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Hi,  I'm Sid H,

Looking to buy an aircraft, have a single engine rating w/instrument ticket, 700 hrs in 172s, PA28 180s, PA32s.  
Would like a faster plane because I like to do cross country flight. Mostly fly solo, occasional passenger or two.  Usually fly once or twice a month.  Live in Baltimore, MD., Fly out of Middle River, MD.   Looking at a Mooney or Bonanza platform.  Please provide your thought.  Pros/Cons, etc, Love Flying!!!
Thanks!
21 Replies
Ronald Levy
1230 Posts
When contemplating the purchase of an aircraft, the first step is to establish a mission statement, including range, payload, speed, airport information (runway surface and length, elevation, etc.).  Other factors include your own qualifications and experience, and, of course, your budget for both purchase and continuing ownership/operation.

In your case, it would seem that the 120 knot speed range isn't enough for you, and you're looking at airplanes in the 160-knot and up range.  Clearly you have PA32 experience, and it would appear you have rejected the PA32R models, I would guess because they aren't all that fast.  Also, keep in mind that when you just say "Mooney" or "Bonanza", you're looking at a wide range of performance capabilities, from the very early models to the very latest.  For example, the early Bonanzas were mostly around 225HP and had only four seats, not all of which were usable with full fuel.  OTOH, the current production G36's are 300HP with six seats and speeds around 165-170 knots, but only about 530 lb payload with full 4.5 hours of fuel aboard.

You suggest you'd like to be able to have three people in the plane, so you're looking for around 550-600 lb payload.  In addition, operating out of Baltimore, you aren't going to need turbocharging because you aren't likely to be operating west of Denver.  You mention two retractable gear airplanes, but keep in mind that a Cirrus SR22 carries as much payload as later production (say, 90's and on) 36 Bonanzas and go just as fast with fixed gear.  OTOH, if you want a ton of speed, the big-engine Mooneys like the Ovation can give you 200-knot speeds.

The elephant in the room, of course, is how much money you have to spend.  You can buy an O-470-powered Bonanza or an O-360-powered Mooney for well under $100K, but you'd be at the very bottom of the performance capabilities you suggest you want.  OTOH, you could spend nearly $1M on a new SR22 or G36 Bonanza, and get all the performance you want with all the advantages of the latest technology as long as you can afford it.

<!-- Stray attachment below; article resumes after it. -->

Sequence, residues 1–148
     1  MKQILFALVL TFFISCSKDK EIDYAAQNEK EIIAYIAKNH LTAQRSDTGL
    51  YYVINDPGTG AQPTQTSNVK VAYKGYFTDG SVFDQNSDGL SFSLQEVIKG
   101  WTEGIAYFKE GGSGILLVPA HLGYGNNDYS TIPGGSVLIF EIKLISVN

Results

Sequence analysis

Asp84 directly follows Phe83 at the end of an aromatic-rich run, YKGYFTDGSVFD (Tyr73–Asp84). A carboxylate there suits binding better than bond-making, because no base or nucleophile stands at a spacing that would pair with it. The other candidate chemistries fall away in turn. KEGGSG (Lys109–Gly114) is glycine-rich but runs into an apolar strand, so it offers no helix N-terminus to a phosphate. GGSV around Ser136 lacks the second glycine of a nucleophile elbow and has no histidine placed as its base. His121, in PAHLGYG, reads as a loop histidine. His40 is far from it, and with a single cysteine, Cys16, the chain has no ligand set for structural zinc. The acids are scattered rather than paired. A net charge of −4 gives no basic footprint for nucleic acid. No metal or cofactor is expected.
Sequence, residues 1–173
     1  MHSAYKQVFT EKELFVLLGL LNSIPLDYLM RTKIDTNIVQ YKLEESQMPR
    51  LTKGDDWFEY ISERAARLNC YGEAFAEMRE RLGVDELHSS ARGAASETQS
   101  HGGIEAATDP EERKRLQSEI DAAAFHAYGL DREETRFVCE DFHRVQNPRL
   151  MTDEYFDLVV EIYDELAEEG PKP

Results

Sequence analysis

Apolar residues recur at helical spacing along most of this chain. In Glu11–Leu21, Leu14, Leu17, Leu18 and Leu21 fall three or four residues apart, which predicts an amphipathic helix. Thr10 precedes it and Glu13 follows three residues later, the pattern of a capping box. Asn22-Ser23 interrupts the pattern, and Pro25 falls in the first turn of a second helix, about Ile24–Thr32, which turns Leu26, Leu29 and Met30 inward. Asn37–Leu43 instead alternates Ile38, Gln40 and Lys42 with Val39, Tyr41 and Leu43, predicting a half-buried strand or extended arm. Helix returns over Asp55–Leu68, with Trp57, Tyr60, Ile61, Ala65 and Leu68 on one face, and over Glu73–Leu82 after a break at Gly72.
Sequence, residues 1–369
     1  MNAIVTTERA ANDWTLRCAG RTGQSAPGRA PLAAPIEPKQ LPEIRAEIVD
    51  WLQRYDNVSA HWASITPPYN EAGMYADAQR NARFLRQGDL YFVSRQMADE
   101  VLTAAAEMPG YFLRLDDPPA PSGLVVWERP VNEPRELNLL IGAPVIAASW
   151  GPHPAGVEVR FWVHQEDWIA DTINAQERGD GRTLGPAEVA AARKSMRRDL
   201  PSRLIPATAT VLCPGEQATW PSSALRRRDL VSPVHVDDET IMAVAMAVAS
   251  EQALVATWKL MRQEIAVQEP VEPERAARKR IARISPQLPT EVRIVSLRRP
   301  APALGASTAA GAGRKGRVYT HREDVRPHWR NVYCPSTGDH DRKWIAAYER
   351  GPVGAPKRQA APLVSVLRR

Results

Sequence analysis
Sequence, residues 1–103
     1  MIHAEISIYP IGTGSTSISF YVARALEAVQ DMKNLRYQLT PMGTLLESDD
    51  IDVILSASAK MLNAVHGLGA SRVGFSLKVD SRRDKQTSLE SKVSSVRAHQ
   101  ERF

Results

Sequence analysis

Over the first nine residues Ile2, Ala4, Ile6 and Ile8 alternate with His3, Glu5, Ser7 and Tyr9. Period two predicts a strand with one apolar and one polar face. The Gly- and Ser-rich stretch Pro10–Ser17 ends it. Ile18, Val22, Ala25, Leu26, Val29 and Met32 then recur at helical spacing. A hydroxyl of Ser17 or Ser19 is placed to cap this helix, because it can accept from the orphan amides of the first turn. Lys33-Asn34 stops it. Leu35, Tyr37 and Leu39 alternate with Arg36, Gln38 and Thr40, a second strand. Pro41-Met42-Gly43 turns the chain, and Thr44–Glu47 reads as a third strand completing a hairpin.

The other issue with high performance and complex planes is maintaining proficiency.  If you're only flying once or twice a month, that's really hard to do in a Bonanza or Mooney. You'll need anywhere from 5-25 hours of checkout before the insurers will let you fly it solo, and be paying through the nose until you get 100 hours in type.

Finally, you're talking about airplanes with very different flying characteristics and very different cabin size and layout.  Have you even sat in (or preferably flown in) either a Mooney or Bonanza?

Does this stir any additional thoughts?

Thanks Ron!  I have sat in both airplanes, never flown them, but somewhat familiar.  So, would like to spend no more than 100K, and the insurance was one of my concerns, I personally know several CFIIs in MS where I learned to fly that could help me with the the checkout.  Could have the plane delivered to that airport (KMEI) or (M23) to help me with that issue.  Although I prefer the speed, and for the sake of this discussion, I had an avionics company owner tell me once, while he was working on a club Piper 182, who, by the way owned a 172, tell me that a he preferred the 172 for practical reasons, (price, parts, availability/affordability of maintenance nationwide), what's your take on this his point, and do you have any other suggestions for aircraft platforms that could meet the speed desire, also can you provide anymore specific info on the maintenance (annual) costs for the Mooneys and Bonanzas?
Hi Sidney,